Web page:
A Cultural Connection | Kultron World Music Festival

What I love about Canada is that we have the opportunity to participate in celebrations that honour a multitude of cultures from around the world.

This past weekend I attended the Kultrun World Music Festival at Victoria Park in Waterloo, Ontario. Upon arrival I could hear the crowd of people clapping along as Mexican music played in the background. As I approached the crowd, I saw that up on the stage there were three men and three women dancing a traditional Mexican style of dance.


I took a moment to skim the crowd of onlookers only to notice that it was filled with an array of different skin tones, and a variety of ages. This cultural diversity among the crowd is the perfect example of the  appreciation people in Canada have for cultures that vary from their own.

As a mixed race woman,

I have often faced the issue with identifying with a particular culture. Neither my mom nor my dad’s families celebrate their country of origin, so I have never really had one specific culture to feel like I am a part of. I envy people who have grown up with traditions or celebrations that are unique to their ancestral countries, and continue to celebrate these traditions to this day.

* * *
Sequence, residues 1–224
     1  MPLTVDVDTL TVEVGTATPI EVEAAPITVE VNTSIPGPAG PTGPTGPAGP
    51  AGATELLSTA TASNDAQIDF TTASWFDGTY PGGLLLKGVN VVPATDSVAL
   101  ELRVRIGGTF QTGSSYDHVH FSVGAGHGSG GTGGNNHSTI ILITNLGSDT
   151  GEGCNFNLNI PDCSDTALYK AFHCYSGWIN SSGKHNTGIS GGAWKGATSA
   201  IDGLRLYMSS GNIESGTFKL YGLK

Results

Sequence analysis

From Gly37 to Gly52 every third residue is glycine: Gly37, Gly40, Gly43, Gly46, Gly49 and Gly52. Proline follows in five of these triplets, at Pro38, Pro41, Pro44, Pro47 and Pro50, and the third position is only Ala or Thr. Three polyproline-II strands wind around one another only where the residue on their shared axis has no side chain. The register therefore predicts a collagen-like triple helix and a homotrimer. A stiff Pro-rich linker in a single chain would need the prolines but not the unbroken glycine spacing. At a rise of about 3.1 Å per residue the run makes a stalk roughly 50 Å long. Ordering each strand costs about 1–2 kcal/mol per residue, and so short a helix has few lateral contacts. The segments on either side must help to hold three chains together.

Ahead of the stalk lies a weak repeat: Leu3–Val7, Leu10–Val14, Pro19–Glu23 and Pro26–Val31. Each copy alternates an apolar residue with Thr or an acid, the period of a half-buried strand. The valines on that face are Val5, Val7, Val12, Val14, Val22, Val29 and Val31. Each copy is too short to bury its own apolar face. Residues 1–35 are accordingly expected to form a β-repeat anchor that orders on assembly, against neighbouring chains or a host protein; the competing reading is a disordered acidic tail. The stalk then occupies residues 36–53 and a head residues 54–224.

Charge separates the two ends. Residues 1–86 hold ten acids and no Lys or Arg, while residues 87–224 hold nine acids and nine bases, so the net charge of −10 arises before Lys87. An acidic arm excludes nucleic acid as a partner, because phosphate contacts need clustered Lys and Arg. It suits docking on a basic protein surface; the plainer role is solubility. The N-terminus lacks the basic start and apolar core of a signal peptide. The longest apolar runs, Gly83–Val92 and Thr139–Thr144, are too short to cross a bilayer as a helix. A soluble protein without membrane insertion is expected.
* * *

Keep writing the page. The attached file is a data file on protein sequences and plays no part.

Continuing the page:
However, as a mixed race person I appreciate cultural diversity to the maximum. Living in a country where different skin colours are welcomed makes me feel like I fit in. My complexion often confuses people, as they can never correctly guess my country of origin, but the joke is on them, I “originate” from several.

Attending world festivals, or cultural specific festivals is, I think, a meaningful experience as a Canadian. It is eye opening, informational, and simply just a fun experience.

Everyone in that atmosphere is happy to be there celebrating no matter if they identify with that culture or not.

As the performance ended, I began to walk back to where I came from only to notice a food tent with the sign “empanadas” which are my favourite Chilean delicacy.

IMG_1887Once when I travelled to Chile I probably ate two or three empanadas every day. Before I left the festival, I took a moment before to stop and buy a homemade carne empanada from a Chilean family who was selling them from their food tent.

I walked away from the festival with a smile on my face as I enjoyed the warm savoury bites of my baked meat-wrapped Chilean pastry with the satisfaction of celebrating the world’s cultures in a single afternoon.


Featured image:  Filip Gielda on Unsplash

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